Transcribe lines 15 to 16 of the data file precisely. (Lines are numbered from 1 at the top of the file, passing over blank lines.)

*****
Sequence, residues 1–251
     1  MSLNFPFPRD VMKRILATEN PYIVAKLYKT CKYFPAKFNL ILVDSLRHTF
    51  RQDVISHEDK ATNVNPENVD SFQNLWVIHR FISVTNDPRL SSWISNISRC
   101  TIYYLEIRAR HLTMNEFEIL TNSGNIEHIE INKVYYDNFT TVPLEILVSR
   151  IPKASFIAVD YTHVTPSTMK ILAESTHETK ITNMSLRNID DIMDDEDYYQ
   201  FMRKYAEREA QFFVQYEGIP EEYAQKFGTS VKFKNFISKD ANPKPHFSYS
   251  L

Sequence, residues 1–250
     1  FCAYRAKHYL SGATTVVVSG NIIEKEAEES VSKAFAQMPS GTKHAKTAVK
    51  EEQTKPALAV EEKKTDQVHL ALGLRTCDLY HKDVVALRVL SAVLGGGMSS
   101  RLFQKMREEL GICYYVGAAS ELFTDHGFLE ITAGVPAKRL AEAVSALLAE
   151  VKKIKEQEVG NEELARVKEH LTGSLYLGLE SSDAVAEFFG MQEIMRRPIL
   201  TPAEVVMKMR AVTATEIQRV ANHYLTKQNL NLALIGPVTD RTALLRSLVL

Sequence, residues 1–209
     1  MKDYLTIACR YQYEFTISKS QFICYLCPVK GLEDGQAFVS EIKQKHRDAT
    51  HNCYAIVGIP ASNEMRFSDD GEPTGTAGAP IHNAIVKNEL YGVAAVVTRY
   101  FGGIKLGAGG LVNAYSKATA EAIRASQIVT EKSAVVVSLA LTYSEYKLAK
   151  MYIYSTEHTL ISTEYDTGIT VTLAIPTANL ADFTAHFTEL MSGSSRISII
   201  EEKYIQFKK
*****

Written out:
     1  MKDYLTIACR YQYEFTISKS QFICYLCPVK GLEDGQAFVS EIKQKHRDAT
    51  HNCYAIVGIP ASNEMRFSDD GEPTGTAGAP IHNAIVKNEL YGVAAVVTRY